Lewis Gordon presents the first detailed existential phenomenological investigation of antiblack racism as a form of Sartrean bad faith. Bad faith, the attitude in which human beings attempt to evade freedom and responsibility, is treated as a constant possibility of human existence. Antiblack racism, the attitude and practice that involve the construction of black people as fundamentally inferior and subhuman, is examined as an effort to evade the responsibilities of a human and humane world. Gordon argues that the concept of (...) bad faith militates against any human science that is built upon a theory of human nature and as such offers an analysis of antiblack racism that stands as a challenge to our ordinary assumptions of what it means to be human. (shrink)
In this undergraduate textbook Lewis R. Gordon offers the first comprehensive treatment of Africana philosophy, beginning with the emergence of an Africana consciousness in the Afro-Arabic world of the Middle Ages. He argues that much of modern thought emerged out of early conflicts between Islam and Christianity that culminated in the expulsion of the Moors from the Iberian Peninsula, and from the subsequent expansion of racism, enslavement, and colonialism which in their turn stimulated reflections on reason, liberation, and the meaning (...) of being human. His book takes the student reader on a journey from Africa through Europe, North and South America, the Caribbean, and back to Africa, as he explores the challenges posed to our understanding of knowledge and freedom today, and the response to them which can be found within Africana philosophy. (shrink)
The intellectual history of the last quarter of this century has been marked by the growing influence of Africana thought--an area of philosophy that focuses on issues raised by the struggle over ideas in African cultures and their hybrid forms in Europe, the Americas, and the Caribbean. Existentia Africana is an engaging and highly readable introduction to the field of Africana philosophy and will help to define this rapidly growing field. Lewis R. Gordon clearly explains Africana existential thought to a (...) general audience, covering a wide range of both classic and contemporary thinkers--from Douglass and DuBois to Fanon, Davis and Zack. (shrink)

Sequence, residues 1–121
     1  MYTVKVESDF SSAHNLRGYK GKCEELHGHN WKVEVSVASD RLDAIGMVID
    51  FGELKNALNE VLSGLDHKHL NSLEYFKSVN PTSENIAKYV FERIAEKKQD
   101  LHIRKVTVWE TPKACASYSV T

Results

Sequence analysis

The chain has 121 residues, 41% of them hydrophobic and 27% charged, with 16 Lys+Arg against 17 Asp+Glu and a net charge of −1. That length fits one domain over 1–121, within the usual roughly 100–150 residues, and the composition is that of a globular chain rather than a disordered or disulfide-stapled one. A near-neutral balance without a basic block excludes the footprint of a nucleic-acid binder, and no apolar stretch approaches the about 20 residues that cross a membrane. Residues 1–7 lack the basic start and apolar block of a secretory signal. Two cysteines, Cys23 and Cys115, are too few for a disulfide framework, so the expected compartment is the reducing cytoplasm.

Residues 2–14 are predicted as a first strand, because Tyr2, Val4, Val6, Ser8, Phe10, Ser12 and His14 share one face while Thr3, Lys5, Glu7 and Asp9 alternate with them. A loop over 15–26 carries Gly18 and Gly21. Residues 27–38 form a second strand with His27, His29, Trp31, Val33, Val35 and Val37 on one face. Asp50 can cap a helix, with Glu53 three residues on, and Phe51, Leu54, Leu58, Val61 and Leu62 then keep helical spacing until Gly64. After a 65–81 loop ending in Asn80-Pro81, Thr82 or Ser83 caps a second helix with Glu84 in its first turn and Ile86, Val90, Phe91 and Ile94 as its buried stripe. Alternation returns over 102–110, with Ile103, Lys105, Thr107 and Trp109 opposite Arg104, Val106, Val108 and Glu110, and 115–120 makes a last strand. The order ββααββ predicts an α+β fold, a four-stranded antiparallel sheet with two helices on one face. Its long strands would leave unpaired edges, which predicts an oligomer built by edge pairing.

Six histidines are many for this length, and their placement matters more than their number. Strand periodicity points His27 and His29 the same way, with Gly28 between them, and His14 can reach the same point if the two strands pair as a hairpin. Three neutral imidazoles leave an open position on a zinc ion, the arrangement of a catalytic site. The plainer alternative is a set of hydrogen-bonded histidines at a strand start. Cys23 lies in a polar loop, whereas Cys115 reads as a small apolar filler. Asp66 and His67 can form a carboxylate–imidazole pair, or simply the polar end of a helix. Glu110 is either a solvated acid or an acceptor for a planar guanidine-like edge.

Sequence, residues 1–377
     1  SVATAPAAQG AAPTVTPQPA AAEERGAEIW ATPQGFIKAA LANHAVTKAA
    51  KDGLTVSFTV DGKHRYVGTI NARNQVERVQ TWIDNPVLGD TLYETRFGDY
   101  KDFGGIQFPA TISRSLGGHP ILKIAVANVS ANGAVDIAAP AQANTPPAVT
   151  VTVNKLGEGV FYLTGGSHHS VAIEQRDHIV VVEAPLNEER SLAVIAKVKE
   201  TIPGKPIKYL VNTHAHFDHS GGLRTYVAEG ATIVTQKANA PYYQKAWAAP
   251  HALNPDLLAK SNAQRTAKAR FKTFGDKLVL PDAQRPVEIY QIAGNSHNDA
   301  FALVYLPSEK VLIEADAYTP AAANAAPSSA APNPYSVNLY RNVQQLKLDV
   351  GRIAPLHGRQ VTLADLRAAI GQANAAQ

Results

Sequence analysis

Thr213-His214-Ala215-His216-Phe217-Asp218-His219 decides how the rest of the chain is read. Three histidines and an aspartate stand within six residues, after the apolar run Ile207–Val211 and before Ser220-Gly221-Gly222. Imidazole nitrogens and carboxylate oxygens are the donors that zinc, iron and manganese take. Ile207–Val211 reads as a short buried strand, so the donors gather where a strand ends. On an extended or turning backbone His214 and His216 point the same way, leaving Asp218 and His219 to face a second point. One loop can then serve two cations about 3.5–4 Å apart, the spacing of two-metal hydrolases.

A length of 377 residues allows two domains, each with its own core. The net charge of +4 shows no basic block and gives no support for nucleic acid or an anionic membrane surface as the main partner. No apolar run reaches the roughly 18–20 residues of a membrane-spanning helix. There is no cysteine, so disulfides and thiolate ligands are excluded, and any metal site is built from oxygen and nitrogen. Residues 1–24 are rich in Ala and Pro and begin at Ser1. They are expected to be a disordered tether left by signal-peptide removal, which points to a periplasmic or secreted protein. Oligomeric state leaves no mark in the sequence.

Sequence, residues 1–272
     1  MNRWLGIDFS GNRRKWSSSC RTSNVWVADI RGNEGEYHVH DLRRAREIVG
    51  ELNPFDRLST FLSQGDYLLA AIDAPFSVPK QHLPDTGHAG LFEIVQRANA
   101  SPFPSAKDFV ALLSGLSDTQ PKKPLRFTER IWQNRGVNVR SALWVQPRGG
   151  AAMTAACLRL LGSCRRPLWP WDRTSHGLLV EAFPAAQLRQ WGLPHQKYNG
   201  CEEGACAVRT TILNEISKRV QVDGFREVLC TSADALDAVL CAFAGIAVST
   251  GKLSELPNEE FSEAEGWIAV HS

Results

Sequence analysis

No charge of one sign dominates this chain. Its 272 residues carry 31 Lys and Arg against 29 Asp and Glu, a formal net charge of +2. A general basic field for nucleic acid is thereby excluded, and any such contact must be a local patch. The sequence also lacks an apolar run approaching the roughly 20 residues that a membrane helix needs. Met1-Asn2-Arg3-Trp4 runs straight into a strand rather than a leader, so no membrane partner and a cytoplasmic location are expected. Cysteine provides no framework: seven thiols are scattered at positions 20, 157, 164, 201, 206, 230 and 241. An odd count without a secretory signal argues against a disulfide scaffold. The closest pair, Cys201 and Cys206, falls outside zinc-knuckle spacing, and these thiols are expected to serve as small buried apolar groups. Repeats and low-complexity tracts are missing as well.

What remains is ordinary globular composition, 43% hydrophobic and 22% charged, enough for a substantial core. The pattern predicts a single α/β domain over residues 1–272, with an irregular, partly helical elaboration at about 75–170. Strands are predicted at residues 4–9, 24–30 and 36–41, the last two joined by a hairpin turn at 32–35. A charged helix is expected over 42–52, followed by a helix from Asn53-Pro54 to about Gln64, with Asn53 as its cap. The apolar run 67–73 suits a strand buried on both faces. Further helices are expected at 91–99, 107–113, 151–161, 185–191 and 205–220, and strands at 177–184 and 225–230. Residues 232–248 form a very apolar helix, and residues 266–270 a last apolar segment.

This article explores several philosophical questions raised by Rebecca Tuvel’s controversial article, “In Defense of Transracialism.” Drawing upon work on the concept of bad faith, including its form as “disciplinary decadence,” this discussion raises concerns of constructivity and its implications and differences in intersections of race and gender.
This article is a reflective essay, drawing upon insights on racism and related forms of oppression as expressions of bad faith, on several influential movements in contemporary philosophy of race and racism. The author pays particular attention to theories from the global south addressing contemporary debates ranging from Euromodernity, philosophical anthropology, and the racialization of First Nations or Amerindians to intersectionality theory, discourses on privilege, decolonization, and creolization.
Originally delivered to mark the fiftieth anniversary of both Frantz Fanon’s death and the publication of his seminal discourse on decolonization, The Wretched of the Earth, these remarks seek to offer a preliminary outline of Fanon’s continuing relevance to the present. Conceptually spanning such touchstone elements of Fanon’s thought as sociogeny, race, violence, the human, and the relation between decolonial ethics and decolonial politics, the authors turn our attention to diagnosing the neoliberal face of contemporary coloniality/modernity and contributing to movements (...) from the Arab Spring to the Occupy movement, from Philadelphia’s “flash mobs” to the new Latin American Left. (shrink)
This article is the keynote address of the University of the West Indies at Cave Hill, Barbados, philosophy symposium in celebration of the 200th Anniversary of the British outlawing the Atlantic Slave Trade. The paper explores questions of enslavement and freedom through challenges of philosophical anthropology, philosophy of social change, and metacritical reflections posed by African Diasporic or Africana philosophy. Such challenges include the relevance and legitimacy of philosophical reflection to the lives of racialized slaves and concludes with a discussion (...) of the implications of the analysis for an understanding of the “face” of political life and the importance of the concept of “home” for a cogent theory of freedom. (shrink)